neuritis.  x x Clinical Features o Chronic sinusitis o Nasopharyngeal ulceration o Persistent pneumonitis o Renal disease. failure o Rashes. fever Morphologic Features o Necrotizing granulomas ƒ Central necrosis ƒ Fibroblastic proliferation ƒ Giant cell reaction ƒ Mononuclear infiltrate ƒ Glomeruli of kidney affected . hematuria. articular involvement. muscle pains.

  Thromboangiitis Obliterans (Buerger Disease) x Vasculitis of medium and small arteries o Especially tibial & radial arteries x Most commonly seen in young cigarette smokers (<35y) x Pathogenesis o Direct endothelial cell toxicity to tobacco component ƒ Patients are hypersensitive to tobacco extracts o Impaired endothelial-dependent vasodilation when given Ach o Clinical Features ƒ Raynaud ƒ Claudication induced by exercise ƒ Severe pain at rest à Due to neural involvement ƒ Unhealing ulcers of toes. feet. fingers .

à x x Gangrene Vascular insufficiency Æ gangrene Smoking cessation reduces progression Vasculitis Assocaited with other Disease x RA x SLE x Mixed cryoglobulinemia x Antiphospholipid Antibody Syndrome x Henoch-Schönlein purpura Infectious Vasculitis x Vessel wall inflammation due to colonization by infectious pathogens o Subsequent immune complex deposition and Ab crossreactivity x Can lead to weakening of vessel wall and mycotic aneurysms x Examples o Bacterial pneumonia – pulmonary hemorrhage o Bacterial meningitis – brain infarction o Aspergillus & Mucor .

and tongue o Pathophysiology unknown ƒ Structural vessel wall abnormalities ƒ Deficiencies in autonomic control o More prevalent in women in 20-30s . ears.ƒ Vasoinfective fungi Vascular Hyper-reactivity x Not vasculitis. but I put it here… x Raynaud Phenomenon o Recurrent vasospasms of the fingers and toes in response to stress or cold o Primary Raynaud (Raynaud Disease) ƒ Vasospasm with no association of systemic illness o Secondary Raynaud ƒ Vasospasm associated with autoimmune disease à Scleroderma à Mixed CT disease o 3 Phases of color change ƒ Initial white (vasoconstriction) ƒ Blue (cyanosis) ƒ Red (rapid blood reflow)  o Changes are reversible ƒ Must be distinguished from the irreversible causes of ischemia such as vasculitis & thrombosis o Most commonly affects fingers and toes ƒ Can also affect nose.

locally destructive à Do not regress on their own à Von-Hippel-Lindau disease they are present in the retina.Hemangioma x Tumors of blood-filled vessels x Often present at birth x Most commonly seen in head and neck o Can also be present in internal organs such as liver x Classification based on histological appearance o Capillary Hemangiomas ƒ Strawberry Hemangiomas à Found in newborns à Disappear on their own  ƒ ƒ Pyogenic Granulomas   Cavernous Hemangiomas à Composed of larger vascular channels à Circumscribed. CNS. and liver . pancreas.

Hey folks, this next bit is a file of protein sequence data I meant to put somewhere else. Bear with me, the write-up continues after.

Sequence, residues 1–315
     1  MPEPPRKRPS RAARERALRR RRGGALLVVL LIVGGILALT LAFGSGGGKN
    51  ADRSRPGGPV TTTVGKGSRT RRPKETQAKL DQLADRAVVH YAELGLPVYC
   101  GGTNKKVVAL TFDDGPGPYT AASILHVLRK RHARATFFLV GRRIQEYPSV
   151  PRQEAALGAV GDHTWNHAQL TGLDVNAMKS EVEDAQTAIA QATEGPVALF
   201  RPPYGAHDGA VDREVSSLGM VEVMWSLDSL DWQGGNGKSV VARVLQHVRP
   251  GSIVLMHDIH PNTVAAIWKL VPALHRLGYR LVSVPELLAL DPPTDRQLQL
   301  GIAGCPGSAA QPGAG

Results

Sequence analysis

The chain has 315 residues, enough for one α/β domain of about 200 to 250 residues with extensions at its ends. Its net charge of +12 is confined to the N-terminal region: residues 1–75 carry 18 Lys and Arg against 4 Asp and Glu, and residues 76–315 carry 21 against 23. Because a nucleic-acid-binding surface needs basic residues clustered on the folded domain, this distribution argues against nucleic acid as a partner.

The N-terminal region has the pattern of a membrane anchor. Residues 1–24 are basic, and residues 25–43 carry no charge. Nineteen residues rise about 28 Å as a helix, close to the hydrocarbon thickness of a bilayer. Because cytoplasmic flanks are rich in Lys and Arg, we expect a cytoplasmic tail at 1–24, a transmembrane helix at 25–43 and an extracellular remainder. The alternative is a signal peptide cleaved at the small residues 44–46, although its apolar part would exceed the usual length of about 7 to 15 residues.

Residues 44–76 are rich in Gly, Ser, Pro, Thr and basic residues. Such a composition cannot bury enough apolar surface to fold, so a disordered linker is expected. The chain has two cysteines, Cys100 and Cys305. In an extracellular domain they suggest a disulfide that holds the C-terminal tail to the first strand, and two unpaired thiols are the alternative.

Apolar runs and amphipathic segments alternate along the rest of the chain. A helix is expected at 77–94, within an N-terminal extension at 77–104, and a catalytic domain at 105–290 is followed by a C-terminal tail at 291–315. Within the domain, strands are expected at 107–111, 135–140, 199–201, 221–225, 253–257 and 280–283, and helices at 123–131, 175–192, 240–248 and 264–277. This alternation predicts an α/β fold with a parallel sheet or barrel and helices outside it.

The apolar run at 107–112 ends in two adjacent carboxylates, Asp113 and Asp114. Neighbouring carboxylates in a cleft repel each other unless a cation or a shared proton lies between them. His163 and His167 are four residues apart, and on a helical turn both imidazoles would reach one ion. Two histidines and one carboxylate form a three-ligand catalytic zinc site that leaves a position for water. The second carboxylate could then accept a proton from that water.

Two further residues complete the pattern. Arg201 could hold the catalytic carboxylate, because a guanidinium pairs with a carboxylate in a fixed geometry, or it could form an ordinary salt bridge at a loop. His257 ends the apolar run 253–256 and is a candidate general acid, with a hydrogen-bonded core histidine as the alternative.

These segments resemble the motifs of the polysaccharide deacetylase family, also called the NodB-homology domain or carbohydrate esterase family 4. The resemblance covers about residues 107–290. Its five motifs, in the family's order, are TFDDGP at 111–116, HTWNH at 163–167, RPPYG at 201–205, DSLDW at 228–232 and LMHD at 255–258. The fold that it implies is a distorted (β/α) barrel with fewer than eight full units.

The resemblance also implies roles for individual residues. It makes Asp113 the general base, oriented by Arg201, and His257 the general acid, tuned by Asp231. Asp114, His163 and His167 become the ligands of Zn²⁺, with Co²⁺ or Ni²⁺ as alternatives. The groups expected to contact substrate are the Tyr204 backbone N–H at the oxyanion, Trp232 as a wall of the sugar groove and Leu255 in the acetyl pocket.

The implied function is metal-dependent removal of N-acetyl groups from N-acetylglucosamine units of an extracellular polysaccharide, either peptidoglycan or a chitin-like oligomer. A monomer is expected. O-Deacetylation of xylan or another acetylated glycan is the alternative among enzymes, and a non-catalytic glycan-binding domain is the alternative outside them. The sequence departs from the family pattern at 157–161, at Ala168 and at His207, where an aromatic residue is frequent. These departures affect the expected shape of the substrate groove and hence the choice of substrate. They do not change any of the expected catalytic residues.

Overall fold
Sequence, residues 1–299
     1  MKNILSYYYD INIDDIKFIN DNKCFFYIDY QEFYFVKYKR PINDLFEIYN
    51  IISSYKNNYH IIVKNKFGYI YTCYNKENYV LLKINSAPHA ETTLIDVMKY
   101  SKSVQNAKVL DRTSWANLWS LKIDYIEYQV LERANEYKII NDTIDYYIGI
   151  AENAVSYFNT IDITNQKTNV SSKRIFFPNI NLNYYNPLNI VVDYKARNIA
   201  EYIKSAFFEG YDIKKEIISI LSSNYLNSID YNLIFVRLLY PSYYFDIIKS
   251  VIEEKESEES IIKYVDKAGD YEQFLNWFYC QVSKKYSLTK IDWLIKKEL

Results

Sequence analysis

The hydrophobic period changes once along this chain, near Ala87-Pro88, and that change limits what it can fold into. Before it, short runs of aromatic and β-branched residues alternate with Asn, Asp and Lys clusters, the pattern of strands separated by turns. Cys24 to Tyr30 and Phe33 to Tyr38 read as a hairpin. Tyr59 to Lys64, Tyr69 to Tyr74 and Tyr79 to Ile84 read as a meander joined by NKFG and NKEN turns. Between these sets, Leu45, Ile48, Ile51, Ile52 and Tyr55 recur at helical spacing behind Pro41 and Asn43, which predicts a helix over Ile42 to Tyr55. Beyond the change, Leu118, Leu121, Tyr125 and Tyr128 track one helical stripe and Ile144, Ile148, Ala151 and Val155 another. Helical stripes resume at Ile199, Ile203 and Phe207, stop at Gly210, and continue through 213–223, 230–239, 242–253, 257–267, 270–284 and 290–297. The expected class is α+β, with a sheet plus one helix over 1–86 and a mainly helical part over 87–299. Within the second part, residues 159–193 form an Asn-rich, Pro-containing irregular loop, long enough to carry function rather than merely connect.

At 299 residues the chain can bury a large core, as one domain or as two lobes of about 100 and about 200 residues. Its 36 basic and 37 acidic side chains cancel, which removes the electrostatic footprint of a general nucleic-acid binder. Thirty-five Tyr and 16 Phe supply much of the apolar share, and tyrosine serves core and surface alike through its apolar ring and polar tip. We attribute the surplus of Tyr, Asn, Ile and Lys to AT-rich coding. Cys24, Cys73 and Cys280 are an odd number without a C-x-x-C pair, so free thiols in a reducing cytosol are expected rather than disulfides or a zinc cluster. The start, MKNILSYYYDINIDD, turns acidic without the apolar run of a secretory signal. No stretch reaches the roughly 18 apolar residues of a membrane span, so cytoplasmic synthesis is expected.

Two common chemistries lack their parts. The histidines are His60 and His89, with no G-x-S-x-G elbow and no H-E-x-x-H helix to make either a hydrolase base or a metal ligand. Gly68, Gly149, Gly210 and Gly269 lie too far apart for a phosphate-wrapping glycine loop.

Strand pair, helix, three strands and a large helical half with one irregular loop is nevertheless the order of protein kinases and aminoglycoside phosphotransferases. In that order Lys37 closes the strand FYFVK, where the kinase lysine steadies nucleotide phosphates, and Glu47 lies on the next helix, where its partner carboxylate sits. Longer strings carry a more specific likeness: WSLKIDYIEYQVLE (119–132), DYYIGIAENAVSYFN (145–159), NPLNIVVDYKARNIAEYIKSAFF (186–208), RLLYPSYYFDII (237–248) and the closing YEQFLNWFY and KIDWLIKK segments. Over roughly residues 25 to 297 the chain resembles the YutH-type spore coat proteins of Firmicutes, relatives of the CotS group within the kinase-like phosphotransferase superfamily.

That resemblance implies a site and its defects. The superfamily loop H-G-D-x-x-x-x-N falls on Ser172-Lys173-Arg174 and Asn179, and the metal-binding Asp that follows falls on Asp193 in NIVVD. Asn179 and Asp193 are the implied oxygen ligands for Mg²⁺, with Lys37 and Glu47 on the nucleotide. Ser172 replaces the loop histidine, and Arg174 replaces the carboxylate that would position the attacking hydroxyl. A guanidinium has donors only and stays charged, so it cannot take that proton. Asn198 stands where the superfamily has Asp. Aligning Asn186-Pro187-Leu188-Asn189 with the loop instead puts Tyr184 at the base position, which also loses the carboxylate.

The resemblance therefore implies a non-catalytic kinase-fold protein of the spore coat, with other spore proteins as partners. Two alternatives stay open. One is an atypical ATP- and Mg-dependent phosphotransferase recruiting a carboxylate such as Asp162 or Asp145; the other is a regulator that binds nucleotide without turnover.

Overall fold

.

or axilla of newborns o Unencapsulated growth pattern ƒ Makes them difficult to excise ƒ Penetrate into muscles and other structures  .  Lymphangiomas x Equivalent to hemangiomas in the lymphatic system x Capillay (simple) x Cavernous (Cystic Hygromas) o Can present as huge tumors in the head. neck.

Bacillary Angiomatosis x Vascular proliferation secondary to Bartonella infection o Affects immunocompromised patients x Bartonella henselae o Cat-scratch disease x Bartonella Quintana o Trench fever transmitted by body lice o Silver staining below highlights bacilli in bacillary angiomatsis in an AIDS patient   Kaposi Sarcoma x Caused by HHV-8 x Most commonly affects AIDS patients o An AIDS-defining illness x Elderly and immunosuppressed also affected x Viral infection leads to uncontrolled cellular proliferation by disruption of Cyclin D & P53 x Cutaneous lesions progress from patches Æ plaques Æ nodules .

infiltrating.Angiosarcoma x Malignant vascular neoplasm x Composed of rapidly proliferating. anaplastic cells x Rare malignancy o No association to special settings x Hepatic Angiosarcomas are associated with exposure to o Vinyl chloride monomer (VCM) o Polyvinyl chloride (PVC) o Arsenic containing insectisides and Thorotrast x Angiosarcoma can occur during treatment for primary breast carcinoma o Cutaneous angiosarcoma after breast lumpectomy. axillary lymph node dissection and radiotherapy .